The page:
How do you, a designer, develop your own theory and approach to design? Honestly, make it up as you go along. Sure, there can be some vague foundations and goals set in place as to where you would like to take your designs. But the truth is, your own style of design has to develop and evolve on it’s own. And as a designer, you have to let it do so without restraint. It may seem like a bit of a cop out and a little too free-spirited of an approach to any serious designer who wants to make a career in this field.
If you ask someone who writes fiction and how they develop their characters, for example, you’ll more than likely find that they may use a very similar technique. The basics of a character are established first. Then the writer places that character in situations and lets the personality dictate how that person would react, develop and move the story along. Thus, the character begins to evolve, taking shape by becoming more complex with each additional layer of personal experience. Apply this thinking to each project you work on as a designer.
As a beginning designer, you can’t start out by saying, “I’m going to be a designer that only creates very organic, nature inspired imagery,” and then expect everything you do to support that approach. There are simply too many factors that prevent a single-minded design direction to occur. This is especially the case if you are a designer that creates based on client needs.
Most designers work on several different types of projects with many different kinds of clients in various types of formats. Each project has different needs and challenges. You have to adapt your design skill and personality to each job environment. At the same time, your own tastes, likes, personality and experiences are influencing how you tackle that project in a very natural way. You may have a basic concept in mind or a style you would like to emulate. But ultimately, your own subconscious will steer you more than you realize. And that’s okay. That’s what helps create uniqueness in your work. It’s what helps insert a little of you into the work.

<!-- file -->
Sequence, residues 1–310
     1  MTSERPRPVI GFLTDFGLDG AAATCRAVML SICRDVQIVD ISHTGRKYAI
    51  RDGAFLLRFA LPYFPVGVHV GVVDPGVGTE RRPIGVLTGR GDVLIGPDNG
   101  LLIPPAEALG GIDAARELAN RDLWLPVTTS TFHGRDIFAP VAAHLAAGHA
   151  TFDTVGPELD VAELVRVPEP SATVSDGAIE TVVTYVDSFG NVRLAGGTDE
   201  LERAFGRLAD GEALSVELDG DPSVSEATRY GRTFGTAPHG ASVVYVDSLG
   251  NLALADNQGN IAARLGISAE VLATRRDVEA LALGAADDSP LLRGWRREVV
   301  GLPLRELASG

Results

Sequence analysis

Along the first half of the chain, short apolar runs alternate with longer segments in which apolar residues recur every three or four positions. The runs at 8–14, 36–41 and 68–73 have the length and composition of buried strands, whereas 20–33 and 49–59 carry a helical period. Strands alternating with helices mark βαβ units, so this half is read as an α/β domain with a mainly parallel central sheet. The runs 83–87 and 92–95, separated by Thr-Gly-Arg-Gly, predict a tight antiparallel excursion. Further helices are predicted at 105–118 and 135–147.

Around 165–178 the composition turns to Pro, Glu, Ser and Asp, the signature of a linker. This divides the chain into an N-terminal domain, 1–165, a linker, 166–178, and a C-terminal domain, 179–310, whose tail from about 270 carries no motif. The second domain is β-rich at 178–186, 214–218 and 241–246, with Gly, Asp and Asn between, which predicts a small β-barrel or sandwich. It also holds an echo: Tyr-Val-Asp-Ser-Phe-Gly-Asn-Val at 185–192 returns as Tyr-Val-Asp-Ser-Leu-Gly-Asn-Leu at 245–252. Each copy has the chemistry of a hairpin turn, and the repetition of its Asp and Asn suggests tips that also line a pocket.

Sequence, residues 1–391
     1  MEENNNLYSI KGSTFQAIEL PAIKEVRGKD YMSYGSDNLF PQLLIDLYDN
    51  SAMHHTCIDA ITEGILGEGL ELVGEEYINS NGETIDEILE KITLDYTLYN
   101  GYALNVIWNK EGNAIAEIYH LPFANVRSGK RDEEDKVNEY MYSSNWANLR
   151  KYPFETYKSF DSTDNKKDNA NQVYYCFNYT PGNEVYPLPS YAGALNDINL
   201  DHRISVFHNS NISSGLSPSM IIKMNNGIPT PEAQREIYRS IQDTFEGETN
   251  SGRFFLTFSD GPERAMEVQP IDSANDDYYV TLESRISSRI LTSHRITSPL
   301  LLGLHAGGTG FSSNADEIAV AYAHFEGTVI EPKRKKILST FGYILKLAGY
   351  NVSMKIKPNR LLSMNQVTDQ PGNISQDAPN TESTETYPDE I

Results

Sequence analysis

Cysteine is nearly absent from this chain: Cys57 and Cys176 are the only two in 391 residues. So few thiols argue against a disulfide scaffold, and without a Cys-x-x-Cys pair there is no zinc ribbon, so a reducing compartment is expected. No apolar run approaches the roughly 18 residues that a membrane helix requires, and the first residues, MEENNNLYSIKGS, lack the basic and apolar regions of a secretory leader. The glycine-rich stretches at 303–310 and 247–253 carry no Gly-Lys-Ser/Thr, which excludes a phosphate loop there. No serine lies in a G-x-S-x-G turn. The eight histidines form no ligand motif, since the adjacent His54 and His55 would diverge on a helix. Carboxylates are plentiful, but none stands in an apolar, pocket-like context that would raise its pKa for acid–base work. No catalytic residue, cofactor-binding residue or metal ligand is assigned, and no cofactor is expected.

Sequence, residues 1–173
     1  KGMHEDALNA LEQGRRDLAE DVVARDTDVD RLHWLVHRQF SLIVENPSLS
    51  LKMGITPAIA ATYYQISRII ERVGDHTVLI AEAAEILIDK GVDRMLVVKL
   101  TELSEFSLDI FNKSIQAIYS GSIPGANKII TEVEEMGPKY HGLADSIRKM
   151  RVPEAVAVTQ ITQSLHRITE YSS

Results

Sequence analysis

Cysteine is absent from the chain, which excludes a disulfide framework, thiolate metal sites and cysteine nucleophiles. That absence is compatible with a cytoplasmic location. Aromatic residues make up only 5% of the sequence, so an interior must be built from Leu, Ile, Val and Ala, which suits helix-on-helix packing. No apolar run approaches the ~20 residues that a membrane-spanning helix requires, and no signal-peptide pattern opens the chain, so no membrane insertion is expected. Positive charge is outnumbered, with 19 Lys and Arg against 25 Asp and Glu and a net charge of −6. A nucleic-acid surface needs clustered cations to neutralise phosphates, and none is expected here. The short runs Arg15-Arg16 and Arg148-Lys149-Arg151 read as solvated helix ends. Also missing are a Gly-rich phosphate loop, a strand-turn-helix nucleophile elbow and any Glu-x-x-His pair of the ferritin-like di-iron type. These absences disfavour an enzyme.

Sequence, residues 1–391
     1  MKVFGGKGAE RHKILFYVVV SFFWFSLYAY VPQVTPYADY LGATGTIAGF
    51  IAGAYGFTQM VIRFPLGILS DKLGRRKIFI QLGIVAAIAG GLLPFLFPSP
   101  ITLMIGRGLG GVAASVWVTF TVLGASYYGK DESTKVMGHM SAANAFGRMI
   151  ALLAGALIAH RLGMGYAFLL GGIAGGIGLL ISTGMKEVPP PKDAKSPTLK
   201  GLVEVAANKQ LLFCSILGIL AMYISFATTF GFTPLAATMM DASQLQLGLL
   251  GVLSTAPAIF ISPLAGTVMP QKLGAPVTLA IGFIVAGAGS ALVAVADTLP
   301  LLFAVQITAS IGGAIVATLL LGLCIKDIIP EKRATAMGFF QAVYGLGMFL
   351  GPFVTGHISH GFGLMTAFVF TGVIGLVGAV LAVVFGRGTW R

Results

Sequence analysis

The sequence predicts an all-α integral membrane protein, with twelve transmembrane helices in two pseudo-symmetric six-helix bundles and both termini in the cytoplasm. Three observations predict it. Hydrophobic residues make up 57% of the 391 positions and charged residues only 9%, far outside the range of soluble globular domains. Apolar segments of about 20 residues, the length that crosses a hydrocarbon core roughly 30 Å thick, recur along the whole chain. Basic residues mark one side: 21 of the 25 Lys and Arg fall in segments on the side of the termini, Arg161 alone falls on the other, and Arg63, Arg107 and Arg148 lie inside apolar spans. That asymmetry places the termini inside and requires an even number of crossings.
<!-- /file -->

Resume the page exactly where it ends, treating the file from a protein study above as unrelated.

You will be forced to construct designs that meet the needs of a client, but you will learn to do so within the capacity of your own skill set and with hints of your own taste. This could be in the color palette used or details as small as how delicate of a drop shadow you prefer to use. Over time, as you apply these learned patterns to projects, you’ll begin see how complex of a designer you have become. Your choices will have become more instinctive and natural because your decisions will be based on the results of past experience.
In the end, the hope would be that you are a better designer. As long as you don’t become jaded. At that point, your designs become lifeless, dull and repetitive. That is why you must always be open to learn and push yourself. Well, unless your client WANTS the design to be lifeless, dull and repetitive. Then, by all means, cast aside artistic integrity and go for dull.